Fringe projection profilometry (FPP) has become a more prevalently adopted technique in intelligent manufacturing, defect detection, and some other important applications. In FPP, efficiently recovering the absolute phase has always been a great challenge. The stereo phase unwrapping (SPU) technologies based on geometric constraints can eliminate phase ambiguity without projecting any additional patterns, which maximizes the efficiency of the retrieval of the absolute phase. Inspired by recent successes of deep learning for phase analysis, we demonstrate that deep learning can be an effective tool that organically unifies phase retrieval, geometric constraints, and phase unwrapping into a comprehensive framework. Driven by extensive training datasets, the neural network can gradually “learn” to transfer one high-frequency fringe pattern into the “physically meaningful” and “most likely” absolute phase, instead of “step by step” as in conventional approaches. Based on the properly trained framework, high-quality phase retrieval and robust phase ambiguity removal can be achieved only on a single-frame projection. Experimental results demonstrate that compared with traditional SPU, our method can more efficiently and stably unwrap the phase of dense fringe images in a larger measurement volume with fewer camera views. Limitations about the proposed approach are also discussed. We believe that the proposed approach represents an important step forward in high-speed, high-accuracy, motion-artifacts-free absolute 3D shape measurement for complicated objects from a single fringe pattern.
Optical non-contact three-dimensional (3D) shape measurement techniques have been widely applied for many aspects, such as intelligent manufacturing, reverse engineering, and heritage digitalization.1 The fringe projection profilometry (FPP)2 is one of the most popular optical 3D imaging techniques due to its simple hardware configuration, flexibility in implementation, and high measurement accuracy.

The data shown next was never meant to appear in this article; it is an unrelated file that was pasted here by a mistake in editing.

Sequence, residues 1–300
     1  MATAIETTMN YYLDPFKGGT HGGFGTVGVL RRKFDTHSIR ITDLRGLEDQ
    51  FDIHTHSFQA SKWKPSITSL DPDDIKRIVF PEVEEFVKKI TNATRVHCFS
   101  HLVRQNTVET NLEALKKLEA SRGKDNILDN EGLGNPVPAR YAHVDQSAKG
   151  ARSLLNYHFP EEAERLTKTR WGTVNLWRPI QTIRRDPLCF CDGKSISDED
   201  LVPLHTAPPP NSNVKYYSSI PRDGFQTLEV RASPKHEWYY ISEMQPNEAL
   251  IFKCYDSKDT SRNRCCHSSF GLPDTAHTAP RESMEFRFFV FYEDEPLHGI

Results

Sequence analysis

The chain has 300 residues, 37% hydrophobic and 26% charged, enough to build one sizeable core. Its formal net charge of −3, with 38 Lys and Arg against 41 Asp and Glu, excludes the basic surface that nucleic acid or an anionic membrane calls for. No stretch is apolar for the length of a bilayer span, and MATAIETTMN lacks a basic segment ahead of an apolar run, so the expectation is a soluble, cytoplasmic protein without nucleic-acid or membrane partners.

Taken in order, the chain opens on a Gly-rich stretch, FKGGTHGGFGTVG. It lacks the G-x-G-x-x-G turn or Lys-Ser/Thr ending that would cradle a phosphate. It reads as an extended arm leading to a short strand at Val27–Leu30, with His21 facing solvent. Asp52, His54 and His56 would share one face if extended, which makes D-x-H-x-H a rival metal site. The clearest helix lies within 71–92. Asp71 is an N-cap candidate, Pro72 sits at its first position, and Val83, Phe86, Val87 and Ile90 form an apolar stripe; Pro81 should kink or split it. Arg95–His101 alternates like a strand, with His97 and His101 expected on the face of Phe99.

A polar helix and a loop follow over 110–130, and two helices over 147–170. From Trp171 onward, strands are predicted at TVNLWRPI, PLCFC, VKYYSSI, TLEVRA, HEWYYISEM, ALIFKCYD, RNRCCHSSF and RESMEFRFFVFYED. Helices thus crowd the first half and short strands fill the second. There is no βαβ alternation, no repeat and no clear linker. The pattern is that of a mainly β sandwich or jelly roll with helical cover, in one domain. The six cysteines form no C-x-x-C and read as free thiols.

With the development of imaging and projection devices, it becomes possible to realize the high speed 3D shape measurement based on FPP.3–7 Meanwhile, the acquisition of high-quality 3D information in high-speed scenarios is increasingly crucial to many applications, such as online quality inspection, stress deformation analysis, and rapid reverse molding.8,9 To achieve 3D measurement in high-speed scenarios, efforts are usually carried out by reducing the number of images required per reconstruction to improve the measurement efficiency. The ideal way is to obtain 3D data in a single frame. Recently, we have realized high-accuracy phase acquisition from a single fringe pattern by using deep learning.10,11 However, these works just obtain a single-shot wrapped phase. To realize 3D measurement, phase unwrapping is required, which is one of the operations in FPP that affects the measurement efficiency the most. The most commonly used phase unwrapping methods are temporal phase unwrapping (TPU) algorithms,12,13 which recover the absolute phase with the assistance of Gray-code patterns or multi-wavelength fringes. However, the requirement of additional patterns decreases the measurement efficiency. The stereo phase unwrapping (SPU)14 method based on geometric constraints can solve the phase ambiguity problem through the spatial relationships between multiple cameras and one projector without projecting any auxiliary patterns. Although requiring more cameras (at least two) than traditional methods, SPU, indeed, maximizes the efficiency of FPP. However, conventional SPU is generally insufficient to robustly unwrap the phase of dense fringe images, while increasing the frequency of fringes is essential to the measurement accuracy. To solve this trade-off, some auxiliary algorithms are proposed, which usually focus on four directions. (1) The first direction utilizes spatial phase unwrapping methods15 to reduce phase unwrapping errors of SPU.14,16 As the disadvantages of spatial phase unwrapping, these methods cannot handle discontinuous or disjoined phases. (2) The second direction enhances the robustness of SPU by embedding the auxiliary information in the fringe patterns.17,18 Since the assistance based on the intensity information is provided, the sensitivity of intensity to ambient light noise and large surface reflectivity variations of objects will cause them to fail. (3) The third aspect is to increase the number of perspectives and recover the absolute phase through more geometric constraints.19 This method is more adaptive for the complex scene measurement but comes at the increased cost. Besides, simply increasing the number of views is insufficient to unwrap the phase of dense fringe images, which needs to be combined with (4) the depth constraint strategy.20–22 However, the conventional depth constraint strategy can only unwrap the phase in a narrow depth range, and setting a suitable depth constraint range is also difficult. The adaptive depth constraint (ADC)5,23 strategy can enlarge the measurement volume and automatically select the depth constraint range but only if the correct absolute phase can be obtained for the first measurement. In addition, since the stability of SPU relies on the similarity of the phase information of matching points in different perspectives,19 on the one hand, SPU requires high-quality system calibration and is more difficult to implement algorithmically than other phase unwrapping methods, such as TPU; on the other hand, it has high demand for the quality of the wrapped phase so that the wrapped phase in SPU is usually acquired by the phase-shifting (PS) algorithm,24 which is a multi-frame phase acquisition method with a high spatial resolution and high measurement accuracy. However, the use of multiple fringe patterns reduces the measurement efficiency of SPU. The other commonly used phase acquisition technologies are Fourier transform (FT) methods25,26 with single-shot nature, which are not suitable for SPU due to the poor imaging quality around discontinuities and isolated areas in the phase map.